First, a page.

Hozier’s back with more treasures from the wasteland
Gig of the Week: Six years after Take Me to Church, he is still well able to cry power
Hozier performs at The Grammy Museum in Los Angeles on on October 23rd. Photograph: Timothy Norris/Getty Images for The Recording Academy
Those expecting Wicklow’s Hozier to fall at the second hurdle have been sorely disappointed. This time last year, he had prepped the release of his second album, Wasteland, Baby!, with the song Nina Cried Power. A decent song with a strong political message, it put Hozier back into the spotlight following a period of time off that was spent simply watching the grass grow, reading books, listening to music, and slowly, surely gathering a second batch of songs.
Talking to this writer around the time of the release of Nina Cried Power, Hozier said he had been looking at writing individual songs, each with its own narrator. The singer of the songs would, of course, be in there, he explained, but so would other characters.
“With the new songs, there are definitely overarching themes of, oftentimes, feelings of powerlessness and hopelessness, a shadow on the horizon.”
There was a lot riding on the second album, especially for a songwriter who is probably the least narcissistic (yet most successful) Irish solo act of recent times. Such was the instant success of his 2014 self-titled debut (“Blessed with a sensual singing voice and a seemingly bottomless well of lapsed-Catholic-style conflict, Hozier channels Van Morrison’s Celtic R&B, Southern soul and Black Keys-style garage blues,” applauded Rolling Stone) that a wait of around five years to release a follow-up seemed cautious at best, unwise at worst.
The song ideas were always there, he told me; it was getting the time during the post-debut promotional blitzkrieg to properly work on them that became an issue.
“There is a personal pressure of knowing you have made somewhat of a mark the first time,” he noted, fully aware that five years is an inordinately long time to take between releasing albums. “To stay in that game is so much harder now, and there’s a sense you have to justify that what happened the first time wasn’t just luck.” Anyone can get lucky, he admitted, observing that having one hit song – a reference to the immense success of his debut single, Take Me to Church, released over six years ago – doesn’t make a career.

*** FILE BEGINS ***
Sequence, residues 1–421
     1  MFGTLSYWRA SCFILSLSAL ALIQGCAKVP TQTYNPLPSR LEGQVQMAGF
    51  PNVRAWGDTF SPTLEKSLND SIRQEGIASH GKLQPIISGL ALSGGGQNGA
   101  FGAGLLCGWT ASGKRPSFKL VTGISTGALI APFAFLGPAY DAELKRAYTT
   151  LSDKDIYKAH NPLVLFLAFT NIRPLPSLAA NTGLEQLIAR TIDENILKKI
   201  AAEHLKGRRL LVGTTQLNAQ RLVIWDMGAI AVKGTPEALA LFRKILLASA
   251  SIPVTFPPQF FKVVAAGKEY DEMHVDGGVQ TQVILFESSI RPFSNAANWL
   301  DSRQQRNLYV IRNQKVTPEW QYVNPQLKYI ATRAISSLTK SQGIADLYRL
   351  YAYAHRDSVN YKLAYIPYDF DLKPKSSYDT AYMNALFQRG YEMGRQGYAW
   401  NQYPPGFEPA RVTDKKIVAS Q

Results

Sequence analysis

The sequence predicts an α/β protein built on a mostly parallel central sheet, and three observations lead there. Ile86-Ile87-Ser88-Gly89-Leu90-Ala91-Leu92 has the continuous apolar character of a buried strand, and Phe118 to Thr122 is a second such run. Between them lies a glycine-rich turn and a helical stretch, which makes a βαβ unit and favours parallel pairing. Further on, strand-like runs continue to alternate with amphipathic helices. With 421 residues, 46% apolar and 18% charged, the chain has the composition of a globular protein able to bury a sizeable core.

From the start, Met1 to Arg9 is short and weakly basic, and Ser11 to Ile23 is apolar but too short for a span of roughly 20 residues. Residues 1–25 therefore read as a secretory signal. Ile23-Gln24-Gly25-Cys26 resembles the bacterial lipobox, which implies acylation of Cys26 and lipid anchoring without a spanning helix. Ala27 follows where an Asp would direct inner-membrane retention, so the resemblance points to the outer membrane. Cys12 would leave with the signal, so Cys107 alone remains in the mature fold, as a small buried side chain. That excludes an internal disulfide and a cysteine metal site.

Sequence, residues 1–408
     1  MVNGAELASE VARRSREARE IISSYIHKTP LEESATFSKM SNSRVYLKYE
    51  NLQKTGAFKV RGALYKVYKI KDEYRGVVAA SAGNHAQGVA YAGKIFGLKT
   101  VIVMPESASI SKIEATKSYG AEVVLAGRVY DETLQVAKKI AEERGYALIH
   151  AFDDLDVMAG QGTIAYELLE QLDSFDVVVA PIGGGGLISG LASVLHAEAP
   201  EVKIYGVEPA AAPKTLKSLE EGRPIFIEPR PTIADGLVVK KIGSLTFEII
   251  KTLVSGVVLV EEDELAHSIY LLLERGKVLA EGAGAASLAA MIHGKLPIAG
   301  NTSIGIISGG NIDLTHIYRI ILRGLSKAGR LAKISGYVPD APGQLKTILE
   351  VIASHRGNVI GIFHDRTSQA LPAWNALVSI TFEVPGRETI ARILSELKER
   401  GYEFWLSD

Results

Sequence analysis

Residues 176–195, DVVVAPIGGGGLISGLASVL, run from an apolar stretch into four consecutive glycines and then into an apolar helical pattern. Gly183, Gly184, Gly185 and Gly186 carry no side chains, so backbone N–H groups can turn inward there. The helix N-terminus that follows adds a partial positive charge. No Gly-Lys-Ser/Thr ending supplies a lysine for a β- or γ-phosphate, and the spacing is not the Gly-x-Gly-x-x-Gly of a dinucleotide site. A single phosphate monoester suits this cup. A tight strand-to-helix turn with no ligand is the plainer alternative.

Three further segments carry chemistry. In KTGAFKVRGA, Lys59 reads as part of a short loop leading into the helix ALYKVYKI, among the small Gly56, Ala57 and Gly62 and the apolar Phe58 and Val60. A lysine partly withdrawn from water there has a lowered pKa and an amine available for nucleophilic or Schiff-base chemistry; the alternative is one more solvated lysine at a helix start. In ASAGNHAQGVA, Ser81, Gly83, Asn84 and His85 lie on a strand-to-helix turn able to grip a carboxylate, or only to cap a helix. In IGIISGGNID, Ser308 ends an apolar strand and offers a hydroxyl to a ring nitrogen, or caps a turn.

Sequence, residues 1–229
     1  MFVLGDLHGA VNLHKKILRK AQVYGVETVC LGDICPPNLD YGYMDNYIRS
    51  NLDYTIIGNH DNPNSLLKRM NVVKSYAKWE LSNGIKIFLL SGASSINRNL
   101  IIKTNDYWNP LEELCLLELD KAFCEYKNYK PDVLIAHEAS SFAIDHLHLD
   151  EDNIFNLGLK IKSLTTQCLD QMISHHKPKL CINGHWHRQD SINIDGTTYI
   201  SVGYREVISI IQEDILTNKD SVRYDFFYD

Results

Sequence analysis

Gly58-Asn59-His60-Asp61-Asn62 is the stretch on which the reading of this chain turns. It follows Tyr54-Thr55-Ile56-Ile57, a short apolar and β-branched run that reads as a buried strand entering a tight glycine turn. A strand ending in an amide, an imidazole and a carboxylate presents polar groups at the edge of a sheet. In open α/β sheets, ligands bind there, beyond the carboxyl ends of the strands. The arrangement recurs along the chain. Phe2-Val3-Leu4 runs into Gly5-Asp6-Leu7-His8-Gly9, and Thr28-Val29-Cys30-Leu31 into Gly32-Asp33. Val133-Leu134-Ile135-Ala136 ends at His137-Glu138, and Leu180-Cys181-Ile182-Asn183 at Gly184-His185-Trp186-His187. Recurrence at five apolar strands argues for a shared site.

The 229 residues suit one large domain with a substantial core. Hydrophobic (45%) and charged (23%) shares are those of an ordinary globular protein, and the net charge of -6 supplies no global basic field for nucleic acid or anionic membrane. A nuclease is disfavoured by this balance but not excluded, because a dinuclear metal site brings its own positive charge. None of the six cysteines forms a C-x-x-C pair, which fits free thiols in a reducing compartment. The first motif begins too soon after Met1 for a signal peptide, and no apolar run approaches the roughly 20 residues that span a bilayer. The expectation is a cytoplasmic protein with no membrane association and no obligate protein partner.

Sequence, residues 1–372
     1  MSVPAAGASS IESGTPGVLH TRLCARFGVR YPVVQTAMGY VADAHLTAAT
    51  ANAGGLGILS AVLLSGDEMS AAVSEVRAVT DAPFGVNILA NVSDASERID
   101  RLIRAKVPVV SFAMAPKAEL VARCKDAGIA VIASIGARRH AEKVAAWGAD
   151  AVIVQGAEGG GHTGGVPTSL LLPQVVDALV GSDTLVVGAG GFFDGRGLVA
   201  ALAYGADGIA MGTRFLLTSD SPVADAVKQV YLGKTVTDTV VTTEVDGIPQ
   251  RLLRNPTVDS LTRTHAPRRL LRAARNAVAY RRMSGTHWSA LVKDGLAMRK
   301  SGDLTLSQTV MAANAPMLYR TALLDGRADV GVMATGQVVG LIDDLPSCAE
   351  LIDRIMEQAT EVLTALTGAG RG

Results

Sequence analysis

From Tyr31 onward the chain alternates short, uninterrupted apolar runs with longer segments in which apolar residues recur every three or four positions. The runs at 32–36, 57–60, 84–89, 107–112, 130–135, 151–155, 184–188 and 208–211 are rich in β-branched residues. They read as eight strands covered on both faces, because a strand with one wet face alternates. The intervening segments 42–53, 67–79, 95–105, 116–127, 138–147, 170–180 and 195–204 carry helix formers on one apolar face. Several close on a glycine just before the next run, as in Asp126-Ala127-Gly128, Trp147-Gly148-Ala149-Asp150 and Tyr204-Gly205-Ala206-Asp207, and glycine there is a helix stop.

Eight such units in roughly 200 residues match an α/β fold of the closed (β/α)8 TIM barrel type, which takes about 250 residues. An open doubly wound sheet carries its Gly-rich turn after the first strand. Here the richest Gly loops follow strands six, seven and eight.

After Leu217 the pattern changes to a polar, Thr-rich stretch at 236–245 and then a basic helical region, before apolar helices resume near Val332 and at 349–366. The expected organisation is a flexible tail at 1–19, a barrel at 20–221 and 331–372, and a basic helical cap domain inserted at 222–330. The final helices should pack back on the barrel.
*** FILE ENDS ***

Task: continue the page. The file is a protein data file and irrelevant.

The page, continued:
And yet here we are at the end of 2019, with another commercially successful album and a bunch of live shows that have increased in force and scope. Although not the most animated of frontmen, Hozier is nothing less than himself and doesn’t peddle the kind of showy bonhomie that we are all too used to squirming at from other music acts of his status; there is courtesy in the man as well as modesty. His shows next week at Dublin’s 3Arena (Tuesday December 10th and Wednesday December 11th) follow well-received open-air summer gigs and a recent residency in New York’s Hammerstein Ballroom.
Globe-shaped drinks trolley
Irish audiences can expect a few surprises, however: during the NYC concerts – which were draped in a homely fashion with chairs and books laid around the stage, a globe-shaped drinks trolley, and with themed visuals for each song – Hozier debuted new material in the form of blues-based Jackboot Jump, and the piano blues/soul-driven The Wages. Both written on tour, the former is a tribute to protest singers Woody Guthrie and Pete Seeger, the latter a tirade on the rise of everything, except workers’ pay cheques.
Expect, also, further new songs in early 2020. Special guest for the two Dublin shows is UK singer Freya Ridings. Tuesday’s show is sold out. There are mere handfuls of tickets left for Wednesday, which we advise you to nab right now rather than last minute.